Curiosity suspends sampling, may have dropped a bit of itself
By David Szondy
October 9, 2012
NASA’s unmanned Mars rover Curiosity took a pause in its activities after spotting a bright object. As yet unidentified, it was spotted while Curiosity was collecting its first soil samples. Fearing that the object might be a part of Curiosity itself that fell off, mission control at the Jet Propulsion Laboratory (JPL) in Pasadena, California has suspended Curiosity’s exploration until the object is identified.
First sighted by Curiosity’s Mast Camera (Mastcam), the object is very small, but quite shiny and metallic. It may be a bit of mineral that shines, such as quartz, or it could be a bit of Curiosity itself. Since repair a hundred million miles from the nearest garage is not an option, JPL must determine if it is a rover part, whether its loss is important and if a workaround needs to be devised to make up for the loss. As part of this, JPL has instructed Curiosity to take a new series of images of the area in hopes of finding the answers.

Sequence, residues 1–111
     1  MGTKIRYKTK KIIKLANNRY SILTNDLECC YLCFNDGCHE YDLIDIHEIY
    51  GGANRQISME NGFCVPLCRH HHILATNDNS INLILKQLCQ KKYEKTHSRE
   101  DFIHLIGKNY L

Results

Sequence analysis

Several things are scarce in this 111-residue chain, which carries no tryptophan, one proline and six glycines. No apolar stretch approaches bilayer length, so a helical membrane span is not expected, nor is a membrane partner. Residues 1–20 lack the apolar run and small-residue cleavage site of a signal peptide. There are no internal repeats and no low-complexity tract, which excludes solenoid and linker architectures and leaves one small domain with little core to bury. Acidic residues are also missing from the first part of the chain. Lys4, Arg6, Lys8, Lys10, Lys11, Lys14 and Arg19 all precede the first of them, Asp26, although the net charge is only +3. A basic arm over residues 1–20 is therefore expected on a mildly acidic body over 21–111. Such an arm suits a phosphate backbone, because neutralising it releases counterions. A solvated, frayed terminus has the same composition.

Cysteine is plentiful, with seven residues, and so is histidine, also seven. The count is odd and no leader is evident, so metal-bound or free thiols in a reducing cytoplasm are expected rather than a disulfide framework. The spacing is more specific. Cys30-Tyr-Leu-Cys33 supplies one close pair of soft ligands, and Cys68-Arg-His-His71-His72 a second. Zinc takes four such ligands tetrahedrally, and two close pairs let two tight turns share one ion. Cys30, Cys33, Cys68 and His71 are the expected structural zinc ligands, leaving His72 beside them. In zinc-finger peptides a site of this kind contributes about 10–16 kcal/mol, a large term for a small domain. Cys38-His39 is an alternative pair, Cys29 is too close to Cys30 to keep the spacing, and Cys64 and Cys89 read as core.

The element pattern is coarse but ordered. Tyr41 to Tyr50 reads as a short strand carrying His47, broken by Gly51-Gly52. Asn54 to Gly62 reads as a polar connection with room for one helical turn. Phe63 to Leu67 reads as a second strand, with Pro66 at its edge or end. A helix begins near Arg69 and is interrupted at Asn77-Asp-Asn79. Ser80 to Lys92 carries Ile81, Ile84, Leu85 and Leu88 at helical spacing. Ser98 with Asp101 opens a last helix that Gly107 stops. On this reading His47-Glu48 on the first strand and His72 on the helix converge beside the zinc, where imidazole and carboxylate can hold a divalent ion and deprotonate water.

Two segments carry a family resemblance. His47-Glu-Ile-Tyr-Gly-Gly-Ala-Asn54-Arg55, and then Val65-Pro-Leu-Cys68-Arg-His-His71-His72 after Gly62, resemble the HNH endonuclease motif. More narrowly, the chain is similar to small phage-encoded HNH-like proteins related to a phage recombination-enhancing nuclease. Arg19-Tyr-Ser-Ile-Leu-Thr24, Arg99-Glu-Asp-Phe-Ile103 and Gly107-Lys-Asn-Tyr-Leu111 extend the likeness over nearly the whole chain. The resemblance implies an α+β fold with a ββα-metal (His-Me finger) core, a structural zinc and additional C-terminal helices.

Since landing on Mars on August 6, the nuclear-powered Curiosity has begun its two-year mission to explore Mars in search of sites where life might have or still does exist. Since landing, mission control at JPL has put the robot explorer through a rigorous three-week shakedown followed by a series of test drives. During this time, Curiosity fired its rock-vaporizing laser, streamed the first human voice from another planet, wrote messages in the Martian soil, gave itself a thorough self-examination, studied its first rock using its robotic arm, investigated an ancient stream bed, made the first foursquare check-in from another planet and prepared its internal laboratories to receive soil samples.
The video below shows Curiosity taking its first soil samples.
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